We also get a page listing Brown's other books: Ed the Happy Clown (1989), The Playboy (1992), I Never Liked You (1994), and The Little Man (1998).  If you've read any of these, I'd be happy to hear your opinion of them in the comments.  Also, since Louis Riel ended its serialization back in 2003, I wonder what Brown has been working on recently.  Anyone know?

Next comes a foreword, written and hand-lettered by Chester Brown.  I like the decision to hand letter the foreword.  Nice move for a book that is both a serious literary work AND a comic.  Brown notes that the book includes both an index and a bibliography (again: serious work here, don't you forget it).

He also gives us two keys to the book, one about the story and one about the art.  First, he tells us that he isn't going to deal with Riel's entire life, but has instead "mostly concentrated on Riel's antagonistic relationship with the Canadian government . . . ."  Sounds like a smart decision, since trying to construct a dramatic narrative out of a person's life is always a difficult task.  Focusing on a particularly important conflict will give a nice arc to the story.  The second key is that while he loves Hergé (The Adventures of Tintin), his "main visual inspiration" was Harold Gray's Little Orphan Annie:

(click to enlarge)

Interesting, and certainly something to keep in mind as I write about the book.  Maybe I'll spend a future post going into how the art in Louis Riel draws from Little Orphan Annie.

And after the forward comes two maps!  I admit it, I'm a sucker for maps.  If you asked me to choose between two books that I had never heard of, and one had maps in the front and one didn't, the one with the maps has a definite edge.

The first map is of Northern North America in 1869, and shows how the land was divided up into "Land that Britain claims to own," "Rupert's Land -- which the Hudson's Bay Company claims to own," "Canada," and "The United States of America."  It also includes a caption that gives a little history of Rupert's Land.  It's nuts to realize that a fur-trading company used to control a huge swath of what is now Canada.  What, doesn't Canada have spices or particularly nice silk?  Finally, the map points out that the location of the "Red River Settlement," the U.S. city of Pembina, and the Canadian cities of Montreal, Ottawa, and Toronto.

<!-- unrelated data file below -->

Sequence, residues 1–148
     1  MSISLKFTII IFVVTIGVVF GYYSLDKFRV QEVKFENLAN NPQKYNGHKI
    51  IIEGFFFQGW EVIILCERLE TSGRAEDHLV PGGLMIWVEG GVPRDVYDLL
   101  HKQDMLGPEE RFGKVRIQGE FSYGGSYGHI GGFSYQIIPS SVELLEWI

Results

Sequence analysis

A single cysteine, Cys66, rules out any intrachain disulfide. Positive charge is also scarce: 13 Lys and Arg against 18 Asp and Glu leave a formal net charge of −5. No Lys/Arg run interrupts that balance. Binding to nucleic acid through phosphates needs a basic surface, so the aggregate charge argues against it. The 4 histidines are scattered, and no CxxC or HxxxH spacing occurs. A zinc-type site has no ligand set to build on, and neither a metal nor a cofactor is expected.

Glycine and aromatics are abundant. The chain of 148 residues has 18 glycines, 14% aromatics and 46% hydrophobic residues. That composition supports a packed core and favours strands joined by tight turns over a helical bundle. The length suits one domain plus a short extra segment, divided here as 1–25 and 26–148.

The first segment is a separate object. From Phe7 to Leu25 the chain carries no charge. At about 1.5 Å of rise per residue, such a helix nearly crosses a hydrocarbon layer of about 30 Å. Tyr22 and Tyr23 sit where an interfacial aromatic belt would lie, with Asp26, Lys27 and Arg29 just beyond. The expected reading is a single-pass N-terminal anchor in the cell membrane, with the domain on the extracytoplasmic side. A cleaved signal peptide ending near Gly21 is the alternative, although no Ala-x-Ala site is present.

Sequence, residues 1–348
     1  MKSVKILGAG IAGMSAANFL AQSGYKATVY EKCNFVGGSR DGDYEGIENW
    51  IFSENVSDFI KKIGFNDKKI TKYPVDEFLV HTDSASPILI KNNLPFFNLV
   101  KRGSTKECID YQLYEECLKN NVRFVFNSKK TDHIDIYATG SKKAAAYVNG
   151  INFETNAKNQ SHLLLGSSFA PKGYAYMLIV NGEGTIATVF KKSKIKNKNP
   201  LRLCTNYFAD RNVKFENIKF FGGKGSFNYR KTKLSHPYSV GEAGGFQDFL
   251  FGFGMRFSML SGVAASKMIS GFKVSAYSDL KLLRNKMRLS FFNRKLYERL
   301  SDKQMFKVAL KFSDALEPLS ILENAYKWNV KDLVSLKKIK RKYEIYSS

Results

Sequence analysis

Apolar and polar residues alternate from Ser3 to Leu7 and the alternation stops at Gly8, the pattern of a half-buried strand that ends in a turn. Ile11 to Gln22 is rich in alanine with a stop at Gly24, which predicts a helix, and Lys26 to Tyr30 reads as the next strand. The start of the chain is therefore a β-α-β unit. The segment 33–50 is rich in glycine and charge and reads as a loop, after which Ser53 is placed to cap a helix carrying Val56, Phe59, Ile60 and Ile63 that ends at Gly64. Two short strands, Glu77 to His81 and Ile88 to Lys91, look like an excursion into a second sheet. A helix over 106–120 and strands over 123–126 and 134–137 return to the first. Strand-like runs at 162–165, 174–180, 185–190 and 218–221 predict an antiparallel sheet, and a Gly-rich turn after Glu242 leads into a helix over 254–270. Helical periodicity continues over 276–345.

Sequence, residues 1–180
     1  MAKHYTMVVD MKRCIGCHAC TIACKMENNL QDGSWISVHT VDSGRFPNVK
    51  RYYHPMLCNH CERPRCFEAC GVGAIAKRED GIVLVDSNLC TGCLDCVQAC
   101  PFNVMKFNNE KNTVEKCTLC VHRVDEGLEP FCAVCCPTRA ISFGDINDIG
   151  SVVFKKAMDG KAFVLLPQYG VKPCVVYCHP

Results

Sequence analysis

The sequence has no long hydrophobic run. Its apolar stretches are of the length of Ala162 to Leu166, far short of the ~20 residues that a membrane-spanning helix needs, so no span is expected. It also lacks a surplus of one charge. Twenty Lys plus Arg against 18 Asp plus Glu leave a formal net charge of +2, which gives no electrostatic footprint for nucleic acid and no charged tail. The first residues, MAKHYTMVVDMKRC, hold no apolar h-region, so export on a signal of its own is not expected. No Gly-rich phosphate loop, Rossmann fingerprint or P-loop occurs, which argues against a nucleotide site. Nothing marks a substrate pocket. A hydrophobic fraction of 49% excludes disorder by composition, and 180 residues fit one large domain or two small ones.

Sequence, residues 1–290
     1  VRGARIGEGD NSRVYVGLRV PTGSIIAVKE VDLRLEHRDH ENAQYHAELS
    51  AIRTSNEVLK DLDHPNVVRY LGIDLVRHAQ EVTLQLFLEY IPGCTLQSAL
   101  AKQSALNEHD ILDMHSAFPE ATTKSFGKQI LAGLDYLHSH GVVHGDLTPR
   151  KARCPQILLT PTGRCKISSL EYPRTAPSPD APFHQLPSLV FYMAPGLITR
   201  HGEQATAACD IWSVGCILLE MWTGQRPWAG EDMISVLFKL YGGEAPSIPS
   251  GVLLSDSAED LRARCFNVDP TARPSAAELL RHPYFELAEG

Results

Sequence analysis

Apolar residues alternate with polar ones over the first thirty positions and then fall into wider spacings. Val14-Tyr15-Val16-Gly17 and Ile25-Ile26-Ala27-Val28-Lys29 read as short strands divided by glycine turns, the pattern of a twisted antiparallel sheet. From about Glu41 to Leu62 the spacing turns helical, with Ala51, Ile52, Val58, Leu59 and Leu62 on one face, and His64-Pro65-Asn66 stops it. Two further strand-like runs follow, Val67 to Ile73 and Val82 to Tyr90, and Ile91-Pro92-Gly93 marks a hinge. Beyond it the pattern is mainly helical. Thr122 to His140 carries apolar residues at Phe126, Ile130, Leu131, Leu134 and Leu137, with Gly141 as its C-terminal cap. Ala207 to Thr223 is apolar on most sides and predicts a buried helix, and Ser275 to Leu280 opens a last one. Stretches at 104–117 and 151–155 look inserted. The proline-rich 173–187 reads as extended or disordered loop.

What's particularly interesting about this map is that it helps to set up what I expect are some of the conflicts in the story.  First, it's clear that who controls the land is going to be important.  There is a lot of land here that is not listed as "Britain's land" or "Hudson's Bay land," but only land that those two entities claim to own.  My guess is that those claims will be disputed.  It also shows us the distance between the main Canadian cities and the Red River Settlement.  Since I already know Riel was out on the western frontier of Canada and rebelled against the Canadian government, it's neat to see this issue depicted spatially.  Of course he's going to  rebel -- he's way out there on the frontier!  How could they hope to control that area back in 1869?  And don't they know that "he who controls the furs controls the universe"?

Here's map 2:

(click to enlarge)

This map isn't as detailed as I would normally like, but, like the first map, it's helping to set up a major conflict in the book: there are English parishes and French parishes in the Red River Settlement, and I'm thinking that those two groups didn't get along so well.  There also the little line of a river winding down to the U.S.A. and Pembria, and a "Stone Fort."  Perhaps, significant?  Just maybe...